MCLB-Albany civilian workers getting paid again

MCLB-ALBANY — Officials at Marine Corps Logistics Base-Albany say the civilian workers who were called back earlier this week despite the shutdown will soon be receiving pay again.

Civilian employees aboard MCLB-Albany were recalled Monday, despite the ongoing government shutdown, and base functions resumed as normal. The question of top priority was after that, officials say, was: “Are the civilian employees going to receive a paycheck now that they are back to work?”

The Pay Our Military Act (POMA) bill was passed by Congress and approved by the president earlier this week. This bill provides pay and allowances to certain Department of Defense civilian employees who give support to members of the Armed Forces.

All MCLB civilian employees who were recalled and returned to work will get paid, on time and as normally scheduled, for days worked since they were recalled from furlough. Officials at the base say employees will see the pay for the days they have not been compensated for when they get their next paychecks.

“This is great news and we are extremely happy that everyone is back and will be paid for the great services they provide this base and the country in support of the warfighter,” said Col. Don Davis, commanding officer of MCLB. “We continue to remain hopeful that Congress will pass a budget that ends the government shutdown completely.”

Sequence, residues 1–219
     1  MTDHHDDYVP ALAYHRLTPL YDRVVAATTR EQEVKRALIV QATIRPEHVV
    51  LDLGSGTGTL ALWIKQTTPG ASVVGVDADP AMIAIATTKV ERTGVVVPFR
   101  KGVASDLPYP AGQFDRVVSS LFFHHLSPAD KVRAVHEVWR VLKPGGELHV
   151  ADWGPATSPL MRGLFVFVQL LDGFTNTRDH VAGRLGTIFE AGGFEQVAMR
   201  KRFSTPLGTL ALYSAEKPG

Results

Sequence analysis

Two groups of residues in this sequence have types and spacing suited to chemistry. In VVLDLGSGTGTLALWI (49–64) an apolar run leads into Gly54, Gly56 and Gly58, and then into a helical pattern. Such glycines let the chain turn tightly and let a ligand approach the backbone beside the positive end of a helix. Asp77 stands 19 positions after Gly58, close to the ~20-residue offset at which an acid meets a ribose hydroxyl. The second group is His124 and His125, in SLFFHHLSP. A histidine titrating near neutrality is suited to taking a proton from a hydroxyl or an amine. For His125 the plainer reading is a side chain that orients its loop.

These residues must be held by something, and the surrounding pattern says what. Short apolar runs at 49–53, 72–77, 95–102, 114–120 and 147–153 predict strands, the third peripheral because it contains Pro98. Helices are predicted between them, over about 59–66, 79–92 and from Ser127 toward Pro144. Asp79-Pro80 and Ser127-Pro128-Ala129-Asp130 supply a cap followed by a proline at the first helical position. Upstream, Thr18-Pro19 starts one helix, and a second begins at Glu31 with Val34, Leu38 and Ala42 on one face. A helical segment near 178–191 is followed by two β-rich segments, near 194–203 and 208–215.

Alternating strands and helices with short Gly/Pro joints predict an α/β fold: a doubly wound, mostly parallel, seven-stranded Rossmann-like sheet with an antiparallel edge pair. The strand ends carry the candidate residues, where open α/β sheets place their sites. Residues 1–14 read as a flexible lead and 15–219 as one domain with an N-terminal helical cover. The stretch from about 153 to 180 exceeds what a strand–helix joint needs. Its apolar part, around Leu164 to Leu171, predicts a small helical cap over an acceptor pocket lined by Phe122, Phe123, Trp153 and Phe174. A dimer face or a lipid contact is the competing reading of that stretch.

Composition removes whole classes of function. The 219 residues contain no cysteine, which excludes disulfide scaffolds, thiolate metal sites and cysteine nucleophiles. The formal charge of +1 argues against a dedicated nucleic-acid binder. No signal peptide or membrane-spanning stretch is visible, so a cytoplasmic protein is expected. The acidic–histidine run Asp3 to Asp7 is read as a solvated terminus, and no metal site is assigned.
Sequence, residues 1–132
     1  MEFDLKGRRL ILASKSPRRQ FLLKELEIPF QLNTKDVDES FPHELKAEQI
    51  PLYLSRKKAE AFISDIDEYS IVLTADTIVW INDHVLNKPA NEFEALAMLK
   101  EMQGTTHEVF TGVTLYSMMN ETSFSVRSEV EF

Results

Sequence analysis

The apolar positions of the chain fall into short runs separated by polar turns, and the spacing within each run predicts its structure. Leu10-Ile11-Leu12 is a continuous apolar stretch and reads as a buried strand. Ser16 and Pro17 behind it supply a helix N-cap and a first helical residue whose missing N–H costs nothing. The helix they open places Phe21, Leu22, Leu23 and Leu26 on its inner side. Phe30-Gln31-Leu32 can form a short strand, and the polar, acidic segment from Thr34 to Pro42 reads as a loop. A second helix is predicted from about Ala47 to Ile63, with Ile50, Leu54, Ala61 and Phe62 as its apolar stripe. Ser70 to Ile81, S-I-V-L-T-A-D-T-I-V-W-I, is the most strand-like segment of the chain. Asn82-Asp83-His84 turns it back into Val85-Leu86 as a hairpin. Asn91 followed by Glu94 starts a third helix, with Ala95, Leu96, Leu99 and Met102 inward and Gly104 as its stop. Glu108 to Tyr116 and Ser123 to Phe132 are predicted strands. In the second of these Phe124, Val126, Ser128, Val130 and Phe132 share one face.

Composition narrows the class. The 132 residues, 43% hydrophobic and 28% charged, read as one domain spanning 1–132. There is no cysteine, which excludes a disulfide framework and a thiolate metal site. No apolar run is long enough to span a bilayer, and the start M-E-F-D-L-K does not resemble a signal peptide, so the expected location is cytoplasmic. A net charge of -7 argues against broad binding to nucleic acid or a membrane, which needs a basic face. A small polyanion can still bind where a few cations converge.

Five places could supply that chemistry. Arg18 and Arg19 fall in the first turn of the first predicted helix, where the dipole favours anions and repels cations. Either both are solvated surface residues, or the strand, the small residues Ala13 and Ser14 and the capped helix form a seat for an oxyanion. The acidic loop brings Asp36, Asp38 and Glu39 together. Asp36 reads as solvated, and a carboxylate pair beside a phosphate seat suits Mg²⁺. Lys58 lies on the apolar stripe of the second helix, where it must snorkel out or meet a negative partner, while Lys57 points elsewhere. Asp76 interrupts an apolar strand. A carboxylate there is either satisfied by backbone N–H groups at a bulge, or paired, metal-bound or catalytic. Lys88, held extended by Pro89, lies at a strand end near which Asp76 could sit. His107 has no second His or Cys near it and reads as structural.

Furlough notices went out to MCLB employees when the shutdown began on Oct.1, excluding military personnel and certain civilian personnel such as those working for emergency services like police and fire. Over the weekend, Defense Secretary Chuck Hagel announced that most Department of Defense civilians placed on emergency furlough would be directed to return to work.

For many affected civilians, the most recent furloughs were the second time in as many months they were forced to take unpaid leave. Earlier this year, 3,000 workers at MCLB were impacted by weekly furloughs that were initially planned to last 11 weeks, but was later reduced to six weeks — allowing those impacted to return to their normal work schedules by the end of August.